The two cooled their heels in the box for the next 5 minutes (and in the meantime, LW Todd Douglas scored to give the Wolves a 1-0 lead).  But less than a minute after they were sprung, Collins came up to Madison again looking to scrap.  This time, the veteran defenseman wasted no time unleashing his fists, and Collins suffered a nasty cut under his eye and lost a couple of teeth.

“I don’t look kindly on guys taking cheap shots at our players, especially stars like Jerry and Jake,” said Collins later.  “We’re a family here, and when someone goes after the family, I’m not going to stand for it.”

The referees again assessed matching majors and warned both benches that any further incidents would lead to ejections.  The teams managed to avoid any further fights, although the mood on the ice remained tense.

The Wolves took a 2-0 lead early in the third on a slapper from Kronstein, but the Igloos struck back in the final 5 minutes of the game, scoring twice within 24 seconds to tie it up.  Collins assisted on the tying goal, feeding Montrechere for a shot from the faceoff circle, and he made a point of skating past the Michigan bench and staring Madison down.

The game ended as a 2-2 tie, and several players on both sides, including Collins and Madison, had to be restrained from throwing hands after the final siren.

“I couldn’t believe that little shrimp wanted a piece of me,” said Madison afterward.  “He might be crazier than me.  He’s like a little yappy dog.  But I’ll give him credit – he fought like hell.  And he kept coming, even after I loosened his teeth.  That little guy showed me something.”

Both teams suggested that unpleasantries might well resume in their next matchup.  “I think there’s plenty of bad blood to go around here,” said Wright.  “Neither of these teams is going down without a fight.”

Interview of the Week: Vladimir Beruschko

This week’s interview is with Michigan Gray Wolves LW Vladimir Beruschko.

SHL Digest: We’re here with one of the SHL’s most veteran players, Vladimir Beruscko.  Thanks for speaking with us, Vladimir!

Vladimir Beruschko

Vladimir Beruschko: It is my pleasure.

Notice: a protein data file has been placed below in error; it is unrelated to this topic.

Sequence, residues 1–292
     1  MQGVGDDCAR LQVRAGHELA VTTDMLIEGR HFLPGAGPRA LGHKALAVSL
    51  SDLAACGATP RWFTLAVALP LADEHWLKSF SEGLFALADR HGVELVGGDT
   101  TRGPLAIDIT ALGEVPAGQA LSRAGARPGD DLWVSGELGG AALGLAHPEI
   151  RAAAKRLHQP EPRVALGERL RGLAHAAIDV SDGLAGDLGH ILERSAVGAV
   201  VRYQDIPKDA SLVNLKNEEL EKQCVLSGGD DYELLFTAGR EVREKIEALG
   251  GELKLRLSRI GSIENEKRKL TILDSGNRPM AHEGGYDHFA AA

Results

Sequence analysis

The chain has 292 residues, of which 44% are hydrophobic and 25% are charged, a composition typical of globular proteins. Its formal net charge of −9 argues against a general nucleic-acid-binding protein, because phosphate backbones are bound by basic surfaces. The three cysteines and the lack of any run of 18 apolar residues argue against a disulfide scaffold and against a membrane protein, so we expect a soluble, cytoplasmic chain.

SHLD: So, your team is off to another strong start, with the league’s best record.  Do you consider yourselves the favorite to repeat as champions?

VB: (laughs) No, no.  Coach [Ron] Wright would kill me if I said such a thing.

SHLD: He doesn’t want you to consider yourselves the favorite?

VB: He says that to be the favorite is a curse.  You get soft and lose your edge.  To be hungry, to hustle, this makes a champion.  This is why Coach Wright does not like to be the favorite.

SHLD: But you’re a very talented team.  You have the best goal differential in the league.  Arguably, you have the best goalie in the league.

VB: No, no argument!  The Bear [Dirk Lundquist] is the best.

SHLD: Well, if you aren’t the favorite, who is?

VB: Anchorage is a very good team.  Dakota is very good, score a lot of goals.  Washington and Hershey, both good.  We take nothing for granted.

SHLD: Fair enough!  So, you’re one of the older players in the league.

VB: Yes, I am old man.  More grey hairs every day.

SHLD: Your production has dipped the last couple of seasons, and some have suggested that you might be nearing the end of the road.  Are you thinking about retirement at all?

VB: Absolutely not!  I feel young, still, even though I am old.  I am good with the passes and good with the defense.  I think maybe I will play until I am 50.

SHLD: We hope you do!  One more question: One of the things you’re best known for in the league is your feud with Petey the Polar Bear.  That’s been quiet lately.  Any chance it might heat up again, especially if you and Anchorage are battling for the division again?

VB: No, no. no.  Petey and me good now.  Petey my friend.  When I see Petey, I blow him kisses.  Happy times.

SHLD: Glad to hear it!  Well, thanks for the chat, and good luck the rest of the season!

VB: Thanks, I will try for that.

SHL Player of the Week – Week 1

Dirk Lundquist

Michigan SmallThe SHL selected Michigan Gray Wolves G Dirk “The Bear” Lundquist as its Player of the Week.  Lundquist started off the 2017 season strong, posting a 3-1-0 record with a 0.74 GAA and a .978 save percentage.  Lundquist’s dominant performance has helped the defending champion Wolves pick up where they left off last season, going 4-1-0 to tie with Hershey for the best record in the league.

On Opening Night, Lundquist stopped 40 shots to shut down Dakota in a 3-1 win.  On Wednesday, in the Wolves’ home opener, he turned aside 26 and posted a shutout of Seattle.  Then on Saturday, he made 37 saves to freeze the Igloos 3-0.

“The Bear is an inspiration to the whole team,” said Michigan coach Ron Wright.  “He’s already the unquestioned best goalie in the SHL.  But does he rest on his laurels?  No way.  He’s out there working harder than anyone, looking for ways to get even better.  He’s chasing perfection, and he’s not going to stop chasing it.  If we’re going to defend our title, it’s going to Dirk’s work ethic leading the way.”